John Bishop: Cultural Ambassador
Show type: Edinburgh Fringe 2008
In 2008 Liverpool became the European Capital of Culture. John has taken it upon himself to become representative of the city of his birth, in his eagerly awaited new show.
With Liverpool winning the accolade of European Capital of Culture this year, laid-back Scouser John Bishop has decided he should be the prime candidate for the Cultural Ambassador to bring all things Liverpudlian to the nation.
Bishop is not feeling well tonight, complaining of the infamous Fringe flu and the associated remedies for it, apologising for his accent combining with the cold causing him to sound like a Clanger wearing a balaclava.
Perhaps the malady has effected Bishopís memory as having briefly touched on football and music he seems to have forgotten that his show is about Liverpudlian achievements and attractions and spends most of his show talking about himself and his children.
There is a thinly veiled arrogance which is slightly off putting as Bishop tells us about the successes of his Fringe show last year, of his skill at football, his previous job as a sales and marketing director and the fact that he is providing his children with much better opportunities than he was ever afforded.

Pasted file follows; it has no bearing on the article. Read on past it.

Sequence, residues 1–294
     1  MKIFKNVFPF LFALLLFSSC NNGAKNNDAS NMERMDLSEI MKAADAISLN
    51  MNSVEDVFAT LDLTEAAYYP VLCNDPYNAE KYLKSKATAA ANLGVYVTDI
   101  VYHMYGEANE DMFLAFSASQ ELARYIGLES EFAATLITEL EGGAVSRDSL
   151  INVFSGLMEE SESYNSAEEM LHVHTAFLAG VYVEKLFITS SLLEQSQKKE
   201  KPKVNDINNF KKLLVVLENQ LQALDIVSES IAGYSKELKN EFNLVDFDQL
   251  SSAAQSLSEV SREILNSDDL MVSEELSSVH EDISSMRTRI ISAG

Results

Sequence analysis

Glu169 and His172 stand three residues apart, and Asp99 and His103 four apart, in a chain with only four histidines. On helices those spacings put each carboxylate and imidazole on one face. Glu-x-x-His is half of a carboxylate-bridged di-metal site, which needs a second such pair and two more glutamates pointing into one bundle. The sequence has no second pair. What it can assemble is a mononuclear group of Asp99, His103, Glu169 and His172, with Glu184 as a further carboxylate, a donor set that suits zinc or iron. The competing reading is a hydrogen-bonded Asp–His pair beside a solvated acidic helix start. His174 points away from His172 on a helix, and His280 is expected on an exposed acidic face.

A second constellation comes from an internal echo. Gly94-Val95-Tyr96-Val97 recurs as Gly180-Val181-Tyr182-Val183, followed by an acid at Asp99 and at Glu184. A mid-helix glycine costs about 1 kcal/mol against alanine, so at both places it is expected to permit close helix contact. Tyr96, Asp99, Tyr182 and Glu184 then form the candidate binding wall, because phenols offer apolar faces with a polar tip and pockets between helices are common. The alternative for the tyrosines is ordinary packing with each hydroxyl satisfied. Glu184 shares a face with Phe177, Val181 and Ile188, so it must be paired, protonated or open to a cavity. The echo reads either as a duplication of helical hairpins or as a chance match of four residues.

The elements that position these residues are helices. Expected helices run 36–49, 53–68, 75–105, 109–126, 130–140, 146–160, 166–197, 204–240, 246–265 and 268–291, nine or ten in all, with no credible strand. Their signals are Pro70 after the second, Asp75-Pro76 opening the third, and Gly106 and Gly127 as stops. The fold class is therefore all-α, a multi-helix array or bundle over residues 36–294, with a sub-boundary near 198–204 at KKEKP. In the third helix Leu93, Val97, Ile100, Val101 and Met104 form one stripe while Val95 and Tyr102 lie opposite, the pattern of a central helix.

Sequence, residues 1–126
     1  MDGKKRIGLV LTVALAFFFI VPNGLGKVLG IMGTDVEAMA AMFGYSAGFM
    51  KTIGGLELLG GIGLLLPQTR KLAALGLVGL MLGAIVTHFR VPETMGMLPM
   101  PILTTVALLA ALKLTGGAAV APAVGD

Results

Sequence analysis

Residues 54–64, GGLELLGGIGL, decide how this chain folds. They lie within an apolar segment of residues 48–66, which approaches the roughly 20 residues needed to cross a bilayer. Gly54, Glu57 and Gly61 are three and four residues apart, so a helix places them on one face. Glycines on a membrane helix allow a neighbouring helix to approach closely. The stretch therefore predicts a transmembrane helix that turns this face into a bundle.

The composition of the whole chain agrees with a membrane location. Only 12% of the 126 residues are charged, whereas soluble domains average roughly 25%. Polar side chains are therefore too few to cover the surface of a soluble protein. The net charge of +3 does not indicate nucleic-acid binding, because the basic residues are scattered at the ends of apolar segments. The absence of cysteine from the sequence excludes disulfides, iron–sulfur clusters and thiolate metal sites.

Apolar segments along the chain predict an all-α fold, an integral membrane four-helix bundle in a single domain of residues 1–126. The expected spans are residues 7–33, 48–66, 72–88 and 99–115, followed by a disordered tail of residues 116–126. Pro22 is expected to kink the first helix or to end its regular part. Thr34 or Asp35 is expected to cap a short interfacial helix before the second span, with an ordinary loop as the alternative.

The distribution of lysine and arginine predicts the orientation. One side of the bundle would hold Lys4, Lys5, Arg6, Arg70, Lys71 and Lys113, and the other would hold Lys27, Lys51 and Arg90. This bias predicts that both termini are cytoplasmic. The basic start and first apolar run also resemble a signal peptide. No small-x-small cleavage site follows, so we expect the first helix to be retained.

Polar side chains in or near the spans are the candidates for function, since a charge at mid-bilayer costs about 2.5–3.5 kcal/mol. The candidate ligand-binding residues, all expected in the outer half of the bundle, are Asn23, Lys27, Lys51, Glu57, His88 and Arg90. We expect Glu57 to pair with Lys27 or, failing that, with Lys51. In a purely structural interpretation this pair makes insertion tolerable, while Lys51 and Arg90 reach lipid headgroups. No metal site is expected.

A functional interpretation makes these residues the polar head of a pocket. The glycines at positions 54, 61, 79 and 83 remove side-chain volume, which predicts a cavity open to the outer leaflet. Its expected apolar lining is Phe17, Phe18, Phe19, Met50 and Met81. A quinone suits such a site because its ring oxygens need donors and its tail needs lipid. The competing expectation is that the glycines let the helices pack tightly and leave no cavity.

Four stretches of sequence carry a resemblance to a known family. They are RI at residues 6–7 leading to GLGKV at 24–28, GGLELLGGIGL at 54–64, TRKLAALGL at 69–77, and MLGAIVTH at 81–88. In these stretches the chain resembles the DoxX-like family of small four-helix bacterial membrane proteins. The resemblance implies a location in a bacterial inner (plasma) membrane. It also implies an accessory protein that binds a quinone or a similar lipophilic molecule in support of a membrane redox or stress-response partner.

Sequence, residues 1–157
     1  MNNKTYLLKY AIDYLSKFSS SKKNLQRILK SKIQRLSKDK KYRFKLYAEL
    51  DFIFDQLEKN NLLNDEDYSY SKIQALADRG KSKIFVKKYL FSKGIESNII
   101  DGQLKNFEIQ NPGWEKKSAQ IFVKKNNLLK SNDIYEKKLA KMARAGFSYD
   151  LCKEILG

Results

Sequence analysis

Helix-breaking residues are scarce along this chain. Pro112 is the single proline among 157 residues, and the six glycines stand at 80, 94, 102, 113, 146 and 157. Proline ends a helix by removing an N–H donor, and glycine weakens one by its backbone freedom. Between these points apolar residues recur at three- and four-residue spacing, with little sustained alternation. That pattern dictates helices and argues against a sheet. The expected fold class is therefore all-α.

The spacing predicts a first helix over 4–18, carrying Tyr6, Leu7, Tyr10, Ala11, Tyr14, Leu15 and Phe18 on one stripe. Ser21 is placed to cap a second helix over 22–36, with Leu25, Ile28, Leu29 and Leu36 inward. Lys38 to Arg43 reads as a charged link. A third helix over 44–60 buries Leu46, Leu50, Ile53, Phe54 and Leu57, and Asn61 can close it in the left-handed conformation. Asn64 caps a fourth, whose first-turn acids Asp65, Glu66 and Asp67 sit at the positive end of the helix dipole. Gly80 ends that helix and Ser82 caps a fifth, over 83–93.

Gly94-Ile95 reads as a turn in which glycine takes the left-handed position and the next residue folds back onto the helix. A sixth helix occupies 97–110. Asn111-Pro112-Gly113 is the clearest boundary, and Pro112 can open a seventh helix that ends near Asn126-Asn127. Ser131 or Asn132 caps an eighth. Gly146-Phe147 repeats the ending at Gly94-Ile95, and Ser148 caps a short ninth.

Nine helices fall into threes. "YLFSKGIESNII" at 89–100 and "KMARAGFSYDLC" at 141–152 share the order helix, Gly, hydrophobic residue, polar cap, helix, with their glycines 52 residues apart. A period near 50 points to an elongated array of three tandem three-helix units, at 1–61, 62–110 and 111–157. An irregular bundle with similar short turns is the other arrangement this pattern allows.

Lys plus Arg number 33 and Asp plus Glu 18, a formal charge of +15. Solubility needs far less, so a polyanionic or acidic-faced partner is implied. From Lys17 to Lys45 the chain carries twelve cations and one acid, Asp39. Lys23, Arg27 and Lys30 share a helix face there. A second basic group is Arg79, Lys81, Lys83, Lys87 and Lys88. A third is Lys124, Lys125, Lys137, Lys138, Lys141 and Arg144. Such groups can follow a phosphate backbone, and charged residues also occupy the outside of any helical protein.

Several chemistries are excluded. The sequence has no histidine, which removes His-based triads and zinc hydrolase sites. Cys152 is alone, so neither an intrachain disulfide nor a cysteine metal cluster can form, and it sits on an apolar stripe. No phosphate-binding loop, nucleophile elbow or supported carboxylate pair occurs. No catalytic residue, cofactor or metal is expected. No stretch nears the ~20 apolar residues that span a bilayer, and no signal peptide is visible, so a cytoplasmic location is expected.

Bishop is saved by his charm. He seems unaware that he is self-congratulatory, and throws in the odd self deprecating story which goes some way to balance the tone. There is a real feeling that Bishop wants to be bigger and better known than he is, and he has the audience hooting with laughter as he informs them that he was put firmly in his place by one of his own flyering team last year who tried to sell him tickets for his own show. But even that story canít conclude without him pointing out that he has been upgraded to a bigger and better venue this year.
The stories may be tinged with smugness but they are equally laced with laughs. Bishop takes a conversational approach to his delivery, and not all of his material leads to a point or a punchline but it all contains opportunities for giggles.
It is an entertaining hour with a clever and well-produced concluding section which again focuses on Bishopís dreams and ego rather than the Capital of Culture. But if he can sell the city as well as he sells himself expect Liverpool to become the newest holiday hotspot.
Reviewed by: Corry Shaw